To me this seems to omit the main reason — academics write because they are paid to do so. Not well (I intended “well” to qualify “paid” here, but some might want to make it refer to “write”), but in a research university it’s part of teachers’ notional job description, so they do it. Maybe Socrates used to sit around engaging in verbal debate, but at least since the 19th century academic discourse has been conducted in writing, not only by verbal debate — which still goes on of course in formal as well as informal settings. It has become essential for any kind of research results or intellectual insights to be communicated in writing so that people who might not have been there as you held forth in the seminar room or at high table can also be informed, and take part in the critical debate about your findings. This is how knowledge advances. It is absolutely irrelevant whether the research results are communicated in elegant prose or not — as a minimum we might be allowed to demand the elimination of any ambiguity — but as long as your fellow specialists can work out what you are saying, that’s just hunkey dorey. Here the differences between the sciences and the humanities rear their head. You won’t ever hear members of the public beefing about the difficulty of reading a journal article on nuclear physics, but historians better look out. The finding that 82% of historians’ journal articles are never cited should not depress historians; it just means their work is used in a different way from that of physicists or even economists.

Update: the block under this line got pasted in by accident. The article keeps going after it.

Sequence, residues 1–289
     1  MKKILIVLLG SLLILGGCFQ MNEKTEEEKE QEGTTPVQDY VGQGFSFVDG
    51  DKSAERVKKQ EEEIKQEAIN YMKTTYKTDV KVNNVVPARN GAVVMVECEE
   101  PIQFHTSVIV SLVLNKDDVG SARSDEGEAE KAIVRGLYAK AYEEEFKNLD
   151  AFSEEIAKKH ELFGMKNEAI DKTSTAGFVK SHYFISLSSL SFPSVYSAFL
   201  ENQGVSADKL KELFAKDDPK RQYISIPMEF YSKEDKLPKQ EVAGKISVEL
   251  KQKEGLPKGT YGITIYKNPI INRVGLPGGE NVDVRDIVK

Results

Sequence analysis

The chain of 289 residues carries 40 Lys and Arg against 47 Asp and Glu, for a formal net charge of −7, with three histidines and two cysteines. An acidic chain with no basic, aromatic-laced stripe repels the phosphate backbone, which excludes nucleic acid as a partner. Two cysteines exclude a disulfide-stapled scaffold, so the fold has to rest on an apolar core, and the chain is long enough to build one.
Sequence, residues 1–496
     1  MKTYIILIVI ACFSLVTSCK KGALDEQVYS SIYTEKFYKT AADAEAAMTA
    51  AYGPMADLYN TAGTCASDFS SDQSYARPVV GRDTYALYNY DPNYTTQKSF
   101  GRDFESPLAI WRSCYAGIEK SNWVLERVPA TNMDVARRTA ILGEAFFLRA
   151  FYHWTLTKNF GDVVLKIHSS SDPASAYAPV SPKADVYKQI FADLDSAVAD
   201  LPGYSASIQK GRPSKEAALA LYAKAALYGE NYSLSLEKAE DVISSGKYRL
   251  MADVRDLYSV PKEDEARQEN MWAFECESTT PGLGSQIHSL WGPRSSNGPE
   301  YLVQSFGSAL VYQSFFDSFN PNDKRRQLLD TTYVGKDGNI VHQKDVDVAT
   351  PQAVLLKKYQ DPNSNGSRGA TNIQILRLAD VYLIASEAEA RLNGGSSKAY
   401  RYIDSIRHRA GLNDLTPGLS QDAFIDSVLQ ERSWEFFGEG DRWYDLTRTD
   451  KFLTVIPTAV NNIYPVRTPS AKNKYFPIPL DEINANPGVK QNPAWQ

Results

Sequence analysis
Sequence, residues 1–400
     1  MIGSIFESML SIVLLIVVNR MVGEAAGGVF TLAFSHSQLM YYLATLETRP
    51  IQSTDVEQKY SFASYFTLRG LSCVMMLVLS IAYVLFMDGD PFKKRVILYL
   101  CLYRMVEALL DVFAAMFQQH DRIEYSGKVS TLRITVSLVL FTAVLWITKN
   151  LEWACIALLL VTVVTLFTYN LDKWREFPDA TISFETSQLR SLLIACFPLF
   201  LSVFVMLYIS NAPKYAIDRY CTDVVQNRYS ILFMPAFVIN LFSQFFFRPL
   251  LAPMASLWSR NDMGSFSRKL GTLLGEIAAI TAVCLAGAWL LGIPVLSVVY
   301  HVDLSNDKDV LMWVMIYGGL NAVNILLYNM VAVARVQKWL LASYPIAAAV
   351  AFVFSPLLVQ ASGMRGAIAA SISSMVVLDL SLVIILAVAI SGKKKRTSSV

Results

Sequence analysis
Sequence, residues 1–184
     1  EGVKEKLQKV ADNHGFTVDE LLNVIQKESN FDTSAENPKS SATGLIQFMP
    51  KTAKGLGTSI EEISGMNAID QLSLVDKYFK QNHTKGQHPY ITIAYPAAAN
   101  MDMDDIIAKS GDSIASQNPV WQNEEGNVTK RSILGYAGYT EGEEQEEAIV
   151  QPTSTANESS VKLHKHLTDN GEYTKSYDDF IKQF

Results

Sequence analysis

See also Monograph publishing.

Everyone’s bent out of shape about Macmillan’s change of terms for the supply of ebooks to libraries. Just for the record, this is more or less what we are talking about, as reported by Publishers Weekly: “Under the publisher’s new digital terms of sale for libraries, ‘library systems’ will be now be allowed to purchase a single — that is, one — perpetual access e-book during the first eight weeks of publication for each new Macmillan release, at half price ($30). Additional copies will then be available at full price (generally $60 for new releases) after the eight-week window has passed. All other terms remain the same: e-book licenses will continue to be metered for two years or 52 lends, whichever comes first, on a one copy/one user model.”

The commentariat is out in force on this, expressing their disgust at Macmillan’s daring to restrict access to their books. Scrivener’s Error maintains that John Sargent of Macmillan is simply lying. The Digital Reader accuses him of failure to adapt to the market.

But bear in mind that libraries (and ebook readers) do not buy ebooks from publishers, they merely license access to them. This piece from Ingram Content Group a few years back explains the situation from the librarian’s point of view. The basic problem is that if you sell an ebook to a library (or theoretically to anyone) that’s likely to be the only copy you’ll ever sell. If any number of library patrons can look at the file, nobody else needs to make the investment in purchasing their own copy. This needless to say is not a good business model.